January 8, 2015

Not all forest certification systems are created equal

A report released yesterday by ForestEthics shows that a forest certification system called the Sustainable Forest Initiative (SFI) is misleading and lacks rigour. Peeling Back the Eco-Labels compared SFI to another leading certification system called the Forest Stewardship Council (FSC) and analyzed audit reports from the past 10 years. It found that SFI was “dramatically less transparent,” its audit teams were smaller and took less time to conduct audits than FSC.  Not only did SFI miss important data, it rarely required logging companies to improve their operations when a problem was found. “Corporate customers and the public rely on forest certifications to know that the paper, fiber, and lumber they buy is responsible,” said Todd Paglia, ForestEthics executive director, in a statement. “These labels should allow consumers to avoid products that destroy forests, poison waterways and wildlife, and violate human rights. In the case of SFI, the label is misleading.” None of this should be surprising since SFI is governed and financed by the logging industry, said Paglia. “It’s bunk, plain and simple,” he added.


Much of Canada’s oil will have to stay in the ground

New research published in the journal Nature is adding to the oil industry’s woes by showing that trillions of dollars of extractable coal, oil and gas will have to stay in the ground if global warming is to stay below 2 degrees Celsius. Most of Canada’s oil sands, all Arctic oil and gas and much potential shale gas cannot be burned, the Guardian reported yesterday. “We’ve now got tangible figures of the quantities and locations of fossil fuels that should remain unused in trying to keep within the 2C temperature limit,” Christophe McGlade, lead researcher for the study, told the Guardian. The study assumes that the cheapest fossil fuels will be burned first, with more expensive fuels eventually being priced out of the market as carbon emissions are increasingly restricted. This is particularly bad news for Canada’s oil sands. The model assumes that cheaper conventional oil will be burned first, leaving Alberta’s crude oil unused before the carbon limit is reached.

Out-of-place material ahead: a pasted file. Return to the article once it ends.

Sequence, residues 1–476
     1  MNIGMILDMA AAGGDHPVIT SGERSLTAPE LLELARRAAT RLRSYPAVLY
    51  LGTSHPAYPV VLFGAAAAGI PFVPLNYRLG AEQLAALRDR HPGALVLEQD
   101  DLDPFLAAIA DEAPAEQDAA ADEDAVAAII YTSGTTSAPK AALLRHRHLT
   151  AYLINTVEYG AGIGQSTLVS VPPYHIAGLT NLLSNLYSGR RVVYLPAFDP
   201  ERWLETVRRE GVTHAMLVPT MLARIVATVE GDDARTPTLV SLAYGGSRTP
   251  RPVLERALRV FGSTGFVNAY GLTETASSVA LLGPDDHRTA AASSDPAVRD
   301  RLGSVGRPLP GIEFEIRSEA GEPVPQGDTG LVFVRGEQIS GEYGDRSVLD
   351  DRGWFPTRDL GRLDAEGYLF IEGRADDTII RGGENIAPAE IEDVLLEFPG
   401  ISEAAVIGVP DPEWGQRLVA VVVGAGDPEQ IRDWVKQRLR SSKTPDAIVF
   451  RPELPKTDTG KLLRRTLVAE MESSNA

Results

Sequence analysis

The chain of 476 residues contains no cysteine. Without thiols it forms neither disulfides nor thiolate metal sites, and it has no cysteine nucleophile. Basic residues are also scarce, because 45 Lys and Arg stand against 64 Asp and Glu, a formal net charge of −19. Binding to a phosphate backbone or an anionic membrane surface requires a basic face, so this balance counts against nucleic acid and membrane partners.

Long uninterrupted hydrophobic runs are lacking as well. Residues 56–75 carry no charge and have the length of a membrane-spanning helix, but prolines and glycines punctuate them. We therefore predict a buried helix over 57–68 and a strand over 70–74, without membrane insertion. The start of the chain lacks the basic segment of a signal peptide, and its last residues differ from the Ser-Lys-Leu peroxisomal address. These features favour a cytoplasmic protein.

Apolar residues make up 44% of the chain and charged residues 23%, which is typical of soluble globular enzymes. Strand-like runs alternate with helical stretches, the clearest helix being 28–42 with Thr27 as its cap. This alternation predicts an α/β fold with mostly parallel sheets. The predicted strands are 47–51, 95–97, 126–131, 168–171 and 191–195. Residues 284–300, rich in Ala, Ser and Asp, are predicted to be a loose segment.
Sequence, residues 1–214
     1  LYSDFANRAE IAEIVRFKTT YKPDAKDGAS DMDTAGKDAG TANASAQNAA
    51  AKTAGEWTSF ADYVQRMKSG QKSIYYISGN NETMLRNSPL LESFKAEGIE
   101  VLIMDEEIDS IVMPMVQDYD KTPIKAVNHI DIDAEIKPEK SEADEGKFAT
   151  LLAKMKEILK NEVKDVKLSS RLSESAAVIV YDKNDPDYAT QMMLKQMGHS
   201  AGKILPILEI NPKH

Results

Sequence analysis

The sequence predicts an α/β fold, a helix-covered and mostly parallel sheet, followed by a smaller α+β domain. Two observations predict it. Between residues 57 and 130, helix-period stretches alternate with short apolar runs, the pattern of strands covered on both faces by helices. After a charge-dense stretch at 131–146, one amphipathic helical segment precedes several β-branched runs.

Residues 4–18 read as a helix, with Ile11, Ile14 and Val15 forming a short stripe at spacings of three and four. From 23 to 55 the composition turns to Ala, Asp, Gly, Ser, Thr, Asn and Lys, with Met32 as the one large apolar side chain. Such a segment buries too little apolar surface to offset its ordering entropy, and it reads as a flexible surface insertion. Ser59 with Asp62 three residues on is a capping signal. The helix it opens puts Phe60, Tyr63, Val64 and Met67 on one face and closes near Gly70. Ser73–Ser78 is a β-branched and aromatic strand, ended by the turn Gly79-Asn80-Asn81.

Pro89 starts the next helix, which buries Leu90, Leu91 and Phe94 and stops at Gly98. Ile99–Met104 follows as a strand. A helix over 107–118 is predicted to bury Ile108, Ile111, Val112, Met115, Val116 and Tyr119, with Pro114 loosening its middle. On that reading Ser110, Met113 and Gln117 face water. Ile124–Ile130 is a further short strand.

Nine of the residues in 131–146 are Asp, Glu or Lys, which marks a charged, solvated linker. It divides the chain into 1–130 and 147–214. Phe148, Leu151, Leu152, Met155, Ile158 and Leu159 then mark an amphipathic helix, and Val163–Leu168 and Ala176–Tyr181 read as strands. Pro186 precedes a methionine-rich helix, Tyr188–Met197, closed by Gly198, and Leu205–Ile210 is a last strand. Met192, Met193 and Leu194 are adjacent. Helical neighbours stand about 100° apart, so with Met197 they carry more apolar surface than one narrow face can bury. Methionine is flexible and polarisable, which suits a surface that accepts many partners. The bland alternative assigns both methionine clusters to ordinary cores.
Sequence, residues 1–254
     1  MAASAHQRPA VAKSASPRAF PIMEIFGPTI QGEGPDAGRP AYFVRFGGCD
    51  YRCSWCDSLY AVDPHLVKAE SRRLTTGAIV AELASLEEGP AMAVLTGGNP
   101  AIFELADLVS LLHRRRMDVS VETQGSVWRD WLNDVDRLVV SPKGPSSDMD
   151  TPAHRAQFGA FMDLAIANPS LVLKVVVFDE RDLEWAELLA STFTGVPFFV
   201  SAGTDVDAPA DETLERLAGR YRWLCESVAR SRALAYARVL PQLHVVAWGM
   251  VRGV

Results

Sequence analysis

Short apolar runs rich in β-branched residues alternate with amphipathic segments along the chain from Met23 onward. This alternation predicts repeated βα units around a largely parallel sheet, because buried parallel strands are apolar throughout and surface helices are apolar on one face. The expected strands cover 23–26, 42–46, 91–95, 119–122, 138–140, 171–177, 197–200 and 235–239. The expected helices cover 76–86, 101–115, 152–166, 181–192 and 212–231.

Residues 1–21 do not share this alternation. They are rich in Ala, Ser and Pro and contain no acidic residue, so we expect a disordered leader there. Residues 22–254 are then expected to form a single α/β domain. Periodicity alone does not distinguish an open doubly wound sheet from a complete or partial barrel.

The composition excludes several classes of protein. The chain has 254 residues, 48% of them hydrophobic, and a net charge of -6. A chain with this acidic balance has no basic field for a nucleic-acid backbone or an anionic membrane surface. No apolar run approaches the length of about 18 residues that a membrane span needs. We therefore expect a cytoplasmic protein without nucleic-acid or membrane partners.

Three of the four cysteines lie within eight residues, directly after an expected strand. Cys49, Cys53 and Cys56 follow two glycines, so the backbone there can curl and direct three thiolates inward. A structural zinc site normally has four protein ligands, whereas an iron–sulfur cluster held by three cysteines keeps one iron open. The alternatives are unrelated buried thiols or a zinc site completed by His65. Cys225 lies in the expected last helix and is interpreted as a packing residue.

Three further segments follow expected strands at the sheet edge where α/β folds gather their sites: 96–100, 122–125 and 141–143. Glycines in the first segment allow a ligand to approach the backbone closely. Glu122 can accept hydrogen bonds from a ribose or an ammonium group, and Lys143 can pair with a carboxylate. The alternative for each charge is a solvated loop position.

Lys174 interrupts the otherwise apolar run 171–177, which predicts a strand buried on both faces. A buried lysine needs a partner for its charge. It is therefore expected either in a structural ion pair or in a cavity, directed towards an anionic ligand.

New York City bans foam containers and packing peanuts

Many restaurants offering take-out in New York City will have to find new containers for their food as of July 1. The city has banned the use of plastic foam cups and containers, as well as the sale of packing peanuts within the city limits. This is a victory for Mayor Bill de Blasio who has failed to pull through on other promises, such as banning horse carriages, the New York Times wrote yesterday.  The move is being praised by environmental groups, such as the Natural Resources Defense Council, which have argued that foam containers are needlessly piling up in landfills when more environmentally friendly alternatives exist.


Australia’s power sector is getting dirtier

Australia’s National Electricity Market, which serves the eastern part of the country, has seen an 11 per cent increase in emissions since June. The latest Cedex report by energy consultants Pitt & Sherry found that the share of coal in the company’s energy mix had risen to an 18-month high of 74.5 per cent by the end of 2014.  This is simply a matter of coal displacing hydro, Hugh Saddler, principal consultant with Pitt & Sherry told the Sydney Morning Herald yesterday. Low rainfall has cut storage levels for hydro companies across the country, including Hydro Tasmania which saw its production drop to a five-year low of 32 per cent.  All of this comes after the Australian government scrapped its carbon price and shifted its sights to a $2.55 billion fund that pays polluters to cut emissions. This scheme will only become more expensive if pollution from the electricity sector jumps, the Sydney Morning Herald pointed out.


Denmark’s power sector sets a clean energy record

While Australia was creating more emissions from dirty power generation, Denmark was busy setting a world record for wind production. After deriving 39.1 per cent of its overall electricity from wind turbines in 2014, the country is well on track to meeting its 2020 renewable energy target of 50 per cent.  Denmark achieved this feat by installing around 100 new offshore wind turbines last year. If it continues down this path, it could even end up fossil fuel-free by 2050. Rasmus Helveg Petersen, Denmark’s climate and energy minister, was even more optimistic: The record “shows that we can reach our ultimate goal, namely to stop global warming,” he said.

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